Team Tucson took off for Alaska today to run the Mayor's Midnight Marathon in Anchorage (although I hear it's not run at Midnight anymore)
There are a total of 3,500 runners, 615 of them are TNT participants who raised over THREE MILLION DOLLARS in the fight to cure blood cancers. That's amazing.
And bittersweet for me because I so SO wanted to be there, but with school and life in general, it just wasn't possible for me this year. I'm really excited to hear the race reports when they come back- always such a fun time, to see first-timers' faces lit up with the experience of getting a medal (and the ever-coveted TNT pin).
The other day I got into a conversation with someone who was preparing to run his first 5k (the Coronado Island one, I'd love to run that some day) and he asked me if I had any advice...and I thought about it....of course the usual runs through my head "Nothing new on race day! Hydrate! Put BodyGlide everywhere, even in places that never see daylight!"......but then I realized that none of that mattered (that much) in a 5k and they were all Moo points (thanks, Joey) anyway unless you (and this is what I told him):
1) Have Fun and Smile. No, seriously. Enjoy every minute you're on that course (barring serious injury, cramps, etc etc). Running the race is like....30% of the experience. There's packet pickup, t-shirt getting, playlist making (if you run with music), outfit coordinating, and REALLY getting to savor a start and finish line. So what if it's a splash of flour that someone threw on a sidewalk? It's a finish line....it's tangible, and the feeling you get when you cross it? Priceless (even if it does come with a side of "OhmygodI'mneverdoingthisagainI'msogladit'sover"). You did it, now wear that T-shirt with pride! DO IT.
2) Don't go out too fast. We've all done this. You say you haven't? Liar. I recently witnessed this phenomenon a couple of weeks ago at a local 5k. At mile 1 all of the peacocks (you know, the ones who shave everything and run shirtless with their pecs flexed the whole time?) who sprinted out at the beginning started dropping like flies. One by one they would look around self-conciously, hang their head, and start walking. Okay, hang on. There is NOTHING wrong with walking. For f's sake, every race I've run has been run/walk. However, walking was clearly not in the plan for these guys and the looks on their faces and the way they were carrying themselves was...well, sad.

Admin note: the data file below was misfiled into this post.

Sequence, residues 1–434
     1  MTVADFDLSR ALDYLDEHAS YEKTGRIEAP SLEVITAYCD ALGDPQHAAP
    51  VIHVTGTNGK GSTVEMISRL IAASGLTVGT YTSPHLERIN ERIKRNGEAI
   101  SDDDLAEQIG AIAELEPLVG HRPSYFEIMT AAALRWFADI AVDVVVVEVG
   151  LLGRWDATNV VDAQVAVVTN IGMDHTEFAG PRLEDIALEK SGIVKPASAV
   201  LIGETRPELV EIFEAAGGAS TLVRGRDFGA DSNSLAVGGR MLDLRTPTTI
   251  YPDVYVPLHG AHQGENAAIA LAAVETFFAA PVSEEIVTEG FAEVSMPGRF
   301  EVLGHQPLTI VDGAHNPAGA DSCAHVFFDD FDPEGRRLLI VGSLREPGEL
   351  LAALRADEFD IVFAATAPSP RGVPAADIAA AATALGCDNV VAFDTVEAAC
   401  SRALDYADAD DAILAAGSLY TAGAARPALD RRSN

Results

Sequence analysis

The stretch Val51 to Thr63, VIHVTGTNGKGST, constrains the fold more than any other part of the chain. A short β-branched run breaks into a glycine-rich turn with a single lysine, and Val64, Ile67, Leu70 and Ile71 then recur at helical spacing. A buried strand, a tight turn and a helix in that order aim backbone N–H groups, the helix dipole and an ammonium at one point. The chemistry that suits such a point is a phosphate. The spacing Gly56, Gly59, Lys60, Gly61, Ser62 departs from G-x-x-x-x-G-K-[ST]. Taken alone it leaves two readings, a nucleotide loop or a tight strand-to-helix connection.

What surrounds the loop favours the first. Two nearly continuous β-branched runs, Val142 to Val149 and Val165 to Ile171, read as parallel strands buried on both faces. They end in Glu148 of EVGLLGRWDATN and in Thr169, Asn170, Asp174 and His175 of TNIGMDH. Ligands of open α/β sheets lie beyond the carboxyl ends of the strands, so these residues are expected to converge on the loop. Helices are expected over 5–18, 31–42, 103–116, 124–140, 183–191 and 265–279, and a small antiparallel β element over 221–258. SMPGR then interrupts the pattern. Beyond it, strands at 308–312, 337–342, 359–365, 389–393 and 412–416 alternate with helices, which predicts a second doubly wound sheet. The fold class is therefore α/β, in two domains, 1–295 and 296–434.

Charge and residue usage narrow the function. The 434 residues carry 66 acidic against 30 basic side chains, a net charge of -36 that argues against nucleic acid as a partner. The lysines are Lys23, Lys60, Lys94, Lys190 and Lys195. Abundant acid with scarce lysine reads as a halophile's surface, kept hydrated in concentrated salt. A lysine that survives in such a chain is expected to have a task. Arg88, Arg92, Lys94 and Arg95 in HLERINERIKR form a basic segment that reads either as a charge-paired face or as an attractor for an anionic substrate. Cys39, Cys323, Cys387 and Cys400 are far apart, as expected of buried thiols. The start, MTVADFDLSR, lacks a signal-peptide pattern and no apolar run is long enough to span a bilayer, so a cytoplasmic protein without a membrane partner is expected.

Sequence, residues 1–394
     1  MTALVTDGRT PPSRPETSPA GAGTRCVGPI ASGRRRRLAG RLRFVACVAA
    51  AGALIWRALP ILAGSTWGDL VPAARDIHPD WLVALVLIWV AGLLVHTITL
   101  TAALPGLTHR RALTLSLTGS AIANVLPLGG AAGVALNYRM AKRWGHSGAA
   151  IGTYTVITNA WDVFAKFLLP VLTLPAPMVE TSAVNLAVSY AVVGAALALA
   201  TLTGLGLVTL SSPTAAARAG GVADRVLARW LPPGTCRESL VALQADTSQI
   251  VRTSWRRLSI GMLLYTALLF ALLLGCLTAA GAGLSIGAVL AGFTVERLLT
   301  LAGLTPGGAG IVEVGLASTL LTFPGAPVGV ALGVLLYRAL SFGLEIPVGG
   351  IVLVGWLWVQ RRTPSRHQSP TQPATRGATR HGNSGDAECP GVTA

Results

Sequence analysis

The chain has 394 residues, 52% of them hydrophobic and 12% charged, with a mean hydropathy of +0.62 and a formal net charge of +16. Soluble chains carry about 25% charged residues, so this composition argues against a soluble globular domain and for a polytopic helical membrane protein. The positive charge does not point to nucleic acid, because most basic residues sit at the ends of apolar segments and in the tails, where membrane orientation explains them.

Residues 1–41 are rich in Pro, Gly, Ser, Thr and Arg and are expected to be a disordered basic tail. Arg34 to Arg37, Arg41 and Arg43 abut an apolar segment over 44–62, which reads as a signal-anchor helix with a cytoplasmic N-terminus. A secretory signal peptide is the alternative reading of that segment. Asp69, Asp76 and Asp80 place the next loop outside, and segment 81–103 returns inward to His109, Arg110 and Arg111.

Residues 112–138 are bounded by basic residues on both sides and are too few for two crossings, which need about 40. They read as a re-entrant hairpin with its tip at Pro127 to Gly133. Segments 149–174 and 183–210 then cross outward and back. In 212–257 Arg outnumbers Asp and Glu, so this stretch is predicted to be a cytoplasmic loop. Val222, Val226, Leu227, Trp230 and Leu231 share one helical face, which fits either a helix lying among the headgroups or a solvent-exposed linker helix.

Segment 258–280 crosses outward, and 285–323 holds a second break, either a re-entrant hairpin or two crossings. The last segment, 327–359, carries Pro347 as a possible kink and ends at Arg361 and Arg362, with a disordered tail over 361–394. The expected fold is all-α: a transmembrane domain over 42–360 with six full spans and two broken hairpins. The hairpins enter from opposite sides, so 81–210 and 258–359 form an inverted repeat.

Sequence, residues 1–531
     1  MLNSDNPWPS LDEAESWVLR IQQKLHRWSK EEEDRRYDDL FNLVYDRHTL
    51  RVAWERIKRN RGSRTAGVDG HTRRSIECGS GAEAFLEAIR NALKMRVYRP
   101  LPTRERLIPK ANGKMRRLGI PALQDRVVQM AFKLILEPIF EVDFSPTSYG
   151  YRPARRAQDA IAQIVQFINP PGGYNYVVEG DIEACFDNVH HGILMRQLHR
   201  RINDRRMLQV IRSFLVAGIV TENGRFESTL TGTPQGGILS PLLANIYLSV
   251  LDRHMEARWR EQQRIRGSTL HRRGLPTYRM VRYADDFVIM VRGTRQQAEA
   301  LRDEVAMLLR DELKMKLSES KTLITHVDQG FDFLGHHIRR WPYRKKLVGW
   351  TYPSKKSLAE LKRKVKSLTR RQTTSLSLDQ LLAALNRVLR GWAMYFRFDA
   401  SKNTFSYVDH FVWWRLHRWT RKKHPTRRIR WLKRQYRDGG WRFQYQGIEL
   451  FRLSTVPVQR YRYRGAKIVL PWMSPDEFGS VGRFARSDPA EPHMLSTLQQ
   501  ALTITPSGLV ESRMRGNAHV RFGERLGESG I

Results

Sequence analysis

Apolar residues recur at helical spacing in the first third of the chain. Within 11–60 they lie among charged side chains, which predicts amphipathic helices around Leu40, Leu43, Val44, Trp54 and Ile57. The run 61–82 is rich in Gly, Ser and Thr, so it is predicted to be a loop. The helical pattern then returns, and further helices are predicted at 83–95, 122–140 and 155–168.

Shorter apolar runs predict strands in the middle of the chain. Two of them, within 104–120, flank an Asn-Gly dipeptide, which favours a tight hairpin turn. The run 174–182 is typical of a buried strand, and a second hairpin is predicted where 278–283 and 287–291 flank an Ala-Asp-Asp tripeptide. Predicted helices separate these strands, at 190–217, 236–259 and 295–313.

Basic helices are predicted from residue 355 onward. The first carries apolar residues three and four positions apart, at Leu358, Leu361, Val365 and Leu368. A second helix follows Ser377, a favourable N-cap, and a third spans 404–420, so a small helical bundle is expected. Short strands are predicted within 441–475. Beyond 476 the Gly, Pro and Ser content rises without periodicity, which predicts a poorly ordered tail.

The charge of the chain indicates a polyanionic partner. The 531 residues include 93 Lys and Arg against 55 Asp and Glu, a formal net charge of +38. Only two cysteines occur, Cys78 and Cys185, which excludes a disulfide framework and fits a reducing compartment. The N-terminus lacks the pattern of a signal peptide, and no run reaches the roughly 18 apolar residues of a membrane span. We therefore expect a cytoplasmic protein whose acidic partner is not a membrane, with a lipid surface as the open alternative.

Granted, the spirit of this event was an emotional one- it was the first race of the Gabe Zimmerman Triple Crown (he was Gabrielle Giffords' staff member who lost his life on January 8th) and Gabe's Dad was at the start line and there wasn't a dry eye who toed the line. So everyone was a little charged....
There's something about pinning on a race number (aka bib) that makes you feel a little more special. I'm totally serious. As dumb as it sounds, the second you are identified as a NUMBER on a race course? It's go time. And I told this person that- it's fun, but watch yo'self.
So yeah, don't go out too fast, you'll be a sad panda at mile 1 if you do.
3) And really, hydration isn't a bad idea either. Having 3 beers and an iced tea and an ice cream cone the day of a night run is not a wise choice. I didn't to this (I promise), but I know someone who did and maybe he didn't have such a fun time on the course.
Bottom line: Have fun, smile, and if you don't think you're going too slow, you're going too fast.
(and ps- 5 more days of school, but who's counting?)
The next step: TriTherapy.org
4 years ago